What better way to celebrate Macau Business’s 17th anniversary than to showcase 17 locals aged 35 and younger with the kind of talent that boosts our confidence in the future?
MB May 2021 Special Report | 17 talented young people
He is one of the most brilliant local under-35s in science. Ka-Meng Lei was at Harvard, but he believes it’s possible to conduct top-level research in Macau.
Had we asked the University of Macau (UM) to provide us with a list of three of the most prodigious students to have completed their studies in the past decade, Ka-Meng Lei would certainly be on it.
We didn’t ask because we didn’t need to. Professor Lei, despite being just 32 years old, already has an impressive resume, and ‘his’ UM likes to spotlight him as an example: he received his bachelor’s degree in electrical and electronics engineering in 2012 and was also among the first to graduate from the UM Honours College (HC); “the programme, designed to help students gain research experience, encouraged him to set his career goals.”
Because of his outstanding performance in research, he was admitted to the university for PhD studies following immediately on his Bachelor’s degree and was recruited by UM as a Macau Fellow after he completed his PhD. In 2017 he was invited to be a visiting scholar at Harvard University, where he worked as a postdoctoral fellow in Donhee Ham’s Laboratory from 2017 to 2019.
Through the UM’s HC programme, Ka-Meng Lei was able to participate in some of the best research projects at the university’s State Key Laboratory of Analog and Mixed-Signal VLSI, which reinforced his decision to become a researcher and scientist. In high school he found that electronics was his favourite subject, but it was contact with his mentor, Professor Mak Pui In, when he was an undergraduate student that proved decisive. “Professor Mak is not only my teacher; he is also my friend. He has been guiding me since the beginning. His dedication to research and his passion have had a great influence on me,” says Mr Lei.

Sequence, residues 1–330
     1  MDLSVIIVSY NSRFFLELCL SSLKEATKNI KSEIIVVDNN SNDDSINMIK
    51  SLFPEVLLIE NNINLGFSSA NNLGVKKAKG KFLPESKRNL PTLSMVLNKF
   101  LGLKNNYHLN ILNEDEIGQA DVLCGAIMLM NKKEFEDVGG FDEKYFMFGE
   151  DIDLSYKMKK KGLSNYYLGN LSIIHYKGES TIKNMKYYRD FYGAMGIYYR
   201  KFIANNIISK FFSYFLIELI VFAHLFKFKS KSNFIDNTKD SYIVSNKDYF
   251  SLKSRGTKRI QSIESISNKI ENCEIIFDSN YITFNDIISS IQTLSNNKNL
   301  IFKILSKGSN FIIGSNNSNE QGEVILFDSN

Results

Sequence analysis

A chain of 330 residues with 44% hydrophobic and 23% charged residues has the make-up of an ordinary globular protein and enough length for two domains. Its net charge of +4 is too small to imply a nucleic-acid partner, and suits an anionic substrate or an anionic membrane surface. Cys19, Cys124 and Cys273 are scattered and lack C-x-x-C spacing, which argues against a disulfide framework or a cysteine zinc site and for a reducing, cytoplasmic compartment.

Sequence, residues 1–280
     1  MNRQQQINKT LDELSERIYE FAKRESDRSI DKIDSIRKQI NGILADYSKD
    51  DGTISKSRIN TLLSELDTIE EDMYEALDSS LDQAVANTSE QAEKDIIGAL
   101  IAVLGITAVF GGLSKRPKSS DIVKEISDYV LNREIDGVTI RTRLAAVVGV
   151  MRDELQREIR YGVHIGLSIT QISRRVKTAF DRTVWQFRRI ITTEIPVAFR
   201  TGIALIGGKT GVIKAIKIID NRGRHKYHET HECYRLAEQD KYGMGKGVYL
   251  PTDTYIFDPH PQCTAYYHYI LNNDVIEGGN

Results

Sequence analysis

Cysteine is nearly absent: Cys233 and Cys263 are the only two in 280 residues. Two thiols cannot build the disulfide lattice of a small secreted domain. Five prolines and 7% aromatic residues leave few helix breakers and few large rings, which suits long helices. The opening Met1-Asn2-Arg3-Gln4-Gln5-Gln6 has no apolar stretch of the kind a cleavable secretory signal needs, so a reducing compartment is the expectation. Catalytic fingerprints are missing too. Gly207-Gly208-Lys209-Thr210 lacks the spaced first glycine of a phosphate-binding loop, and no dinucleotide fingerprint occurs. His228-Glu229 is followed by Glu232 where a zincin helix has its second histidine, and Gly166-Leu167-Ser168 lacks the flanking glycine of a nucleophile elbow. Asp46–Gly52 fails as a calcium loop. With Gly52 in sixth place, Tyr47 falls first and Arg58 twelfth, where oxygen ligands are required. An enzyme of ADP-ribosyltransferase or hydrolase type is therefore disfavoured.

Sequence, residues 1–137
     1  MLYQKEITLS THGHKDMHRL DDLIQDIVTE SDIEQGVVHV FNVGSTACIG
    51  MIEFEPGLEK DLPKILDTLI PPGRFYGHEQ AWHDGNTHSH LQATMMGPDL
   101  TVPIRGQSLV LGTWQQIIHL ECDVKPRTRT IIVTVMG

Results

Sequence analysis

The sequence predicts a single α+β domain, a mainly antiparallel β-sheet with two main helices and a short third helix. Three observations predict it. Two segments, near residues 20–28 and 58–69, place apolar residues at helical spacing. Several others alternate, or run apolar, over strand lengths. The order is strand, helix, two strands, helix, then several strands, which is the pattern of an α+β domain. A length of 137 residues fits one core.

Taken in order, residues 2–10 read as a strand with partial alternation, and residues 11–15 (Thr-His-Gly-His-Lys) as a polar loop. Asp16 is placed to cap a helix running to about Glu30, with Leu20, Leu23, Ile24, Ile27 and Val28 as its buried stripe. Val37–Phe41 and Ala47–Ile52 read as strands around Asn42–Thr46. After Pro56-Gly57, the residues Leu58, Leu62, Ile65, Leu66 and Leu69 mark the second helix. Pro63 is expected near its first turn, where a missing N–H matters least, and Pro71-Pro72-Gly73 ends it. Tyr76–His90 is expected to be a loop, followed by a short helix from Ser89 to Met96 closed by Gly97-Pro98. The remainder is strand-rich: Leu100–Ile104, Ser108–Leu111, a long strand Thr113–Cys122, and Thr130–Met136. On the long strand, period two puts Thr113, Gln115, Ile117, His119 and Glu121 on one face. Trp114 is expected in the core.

In November 2015, he presented a paper at the IEEE Asian Solid-State Circuits Conference, the world’s foremost conference in the area of Solid-State Circuits, and was invited to submit his work to a special issue of the IEEE Journal of Solid-State Circuits. In 2016, he presented another work at the IEEE International Solid-State Circuits Conference (ISSCC), dubbed the “Chip Olympics”, and it was selected for live demonstration at the conference. This was the first time that work from Macau, Hong Kong, or mainland China had been selected for live demonstration at the ISSCC.
Ka-Meng Lei is currently working on a research project (a parallel nuclear magnetic resonance platform combining advanced microfluidic and integrated circuits technologies) that can be applied to biological diagnostic tests such as blood and protein tests. This technique allows diagnostic tests to be done outside hospitals and centralized laboratories.
Ka-Meng Lei has served as an Assistant Professor at UM’s Institute of Microelectronics since 2019.